Squint (Crossed eyes)
Crossed eyes (or strabismus) occur when a person’s eyes are not able to align on the same point at the same time, and appear to be misaligned or pointed in different directions.
Usually this results from weakness of the muscles in one or both eyes. The weak eye will turn in toward the nose and away from the object that it is supposed to be focused on. The eye that turns off-target may be the same in every incidence, or it could be a different eye at different times.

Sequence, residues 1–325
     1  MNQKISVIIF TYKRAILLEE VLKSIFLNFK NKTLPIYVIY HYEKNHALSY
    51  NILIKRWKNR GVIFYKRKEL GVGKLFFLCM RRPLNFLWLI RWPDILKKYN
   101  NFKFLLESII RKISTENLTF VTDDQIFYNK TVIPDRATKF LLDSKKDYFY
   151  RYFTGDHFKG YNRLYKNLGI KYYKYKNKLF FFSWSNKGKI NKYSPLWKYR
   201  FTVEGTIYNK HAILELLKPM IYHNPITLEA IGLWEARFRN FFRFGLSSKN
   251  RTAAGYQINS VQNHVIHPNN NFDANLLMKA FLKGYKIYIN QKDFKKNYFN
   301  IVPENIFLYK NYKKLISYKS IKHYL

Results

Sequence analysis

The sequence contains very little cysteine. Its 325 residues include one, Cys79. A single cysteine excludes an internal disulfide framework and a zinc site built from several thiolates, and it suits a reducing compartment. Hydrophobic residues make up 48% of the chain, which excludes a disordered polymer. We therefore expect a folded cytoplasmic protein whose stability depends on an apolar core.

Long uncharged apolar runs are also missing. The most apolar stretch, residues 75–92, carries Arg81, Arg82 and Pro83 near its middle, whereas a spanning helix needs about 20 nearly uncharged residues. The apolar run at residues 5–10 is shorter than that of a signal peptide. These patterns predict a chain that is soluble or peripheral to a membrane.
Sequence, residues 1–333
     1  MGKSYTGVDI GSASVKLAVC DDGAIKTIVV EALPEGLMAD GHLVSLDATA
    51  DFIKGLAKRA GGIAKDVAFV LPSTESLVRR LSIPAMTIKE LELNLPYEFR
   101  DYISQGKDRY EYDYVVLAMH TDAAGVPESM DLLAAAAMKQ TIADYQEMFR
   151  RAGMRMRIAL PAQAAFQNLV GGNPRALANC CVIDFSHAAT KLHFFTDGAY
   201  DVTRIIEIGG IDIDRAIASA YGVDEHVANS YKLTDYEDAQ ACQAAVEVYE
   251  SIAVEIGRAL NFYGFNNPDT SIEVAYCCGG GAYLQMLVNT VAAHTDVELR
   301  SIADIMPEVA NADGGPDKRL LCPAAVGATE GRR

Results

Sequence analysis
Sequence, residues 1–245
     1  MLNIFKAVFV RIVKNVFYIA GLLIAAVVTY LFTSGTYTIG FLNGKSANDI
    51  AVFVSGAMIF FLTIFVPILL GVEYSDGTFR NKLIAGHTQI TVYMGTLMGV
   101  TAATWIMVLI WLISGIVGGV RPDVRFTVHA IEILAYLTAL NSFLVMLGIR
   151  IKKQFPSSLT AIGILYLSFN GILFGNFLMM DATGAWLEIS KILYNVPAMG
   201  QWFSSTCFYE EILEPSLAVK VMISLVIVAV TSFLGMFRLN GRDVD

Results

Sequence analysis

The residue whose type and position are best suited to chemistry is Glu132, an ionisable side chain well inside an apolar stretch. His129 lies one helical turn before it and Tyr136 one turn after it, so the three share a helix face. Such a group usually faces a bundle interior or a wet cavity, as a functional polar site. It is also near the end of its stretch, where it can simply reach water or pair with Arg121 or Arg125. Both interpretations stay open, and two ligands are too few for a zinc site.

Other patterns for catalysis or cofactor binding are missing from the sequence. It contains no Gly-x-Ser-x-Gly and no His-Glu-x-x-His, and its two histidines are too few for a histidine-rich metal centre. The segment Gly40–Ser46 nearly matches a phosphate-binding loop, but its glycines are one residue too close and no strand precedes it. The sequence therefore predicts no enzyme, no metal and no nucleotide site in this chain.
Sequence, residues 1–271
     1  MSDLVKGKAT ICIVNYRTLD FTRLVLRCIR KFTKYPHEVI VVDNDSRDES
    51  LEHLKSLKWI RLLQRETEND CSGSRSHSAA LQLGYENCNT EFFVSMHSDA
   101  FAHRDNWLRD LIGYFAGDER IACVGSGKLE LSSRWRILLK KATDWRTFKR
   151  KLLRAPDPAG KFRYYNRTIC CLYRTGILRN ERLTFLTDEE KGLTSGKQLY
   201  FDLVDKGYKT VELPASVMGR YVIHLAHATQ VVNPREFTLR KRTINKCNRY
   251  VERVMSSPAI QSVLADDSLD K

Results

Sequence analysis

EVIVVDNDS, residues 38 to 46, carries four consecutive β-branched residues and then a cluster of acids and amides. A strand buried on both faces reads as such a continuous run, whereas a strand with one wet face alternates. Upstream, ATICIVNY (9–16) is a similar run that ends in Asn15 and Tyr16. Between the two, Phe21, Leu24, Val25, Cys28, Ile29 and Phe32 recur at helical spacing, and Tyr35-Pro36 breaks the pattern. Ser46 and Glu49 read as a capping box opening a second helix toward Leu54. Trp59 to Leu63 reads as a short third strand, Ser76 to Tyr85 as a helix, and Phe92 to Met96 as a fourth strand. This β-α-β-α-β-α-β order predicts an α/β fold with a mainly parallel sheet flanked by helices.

In the initial stages, crossed eyes can cause disorientation or double vision because the eyes don't align together. A young child with strabismus will unconsciously reject the image of the improperly aligned eye and the related nerve connections between their eye and brain may fail to develop. This can lead to the eye remaining permanently turned – known as amblyopia, or lazy eye.
Crossed eyes develop most often in babies. It is easier to correct when caught early. This is is often not a condition babies or children simply outgrow so children with eyes that seem to be misaligned should be examined and treated if necessary.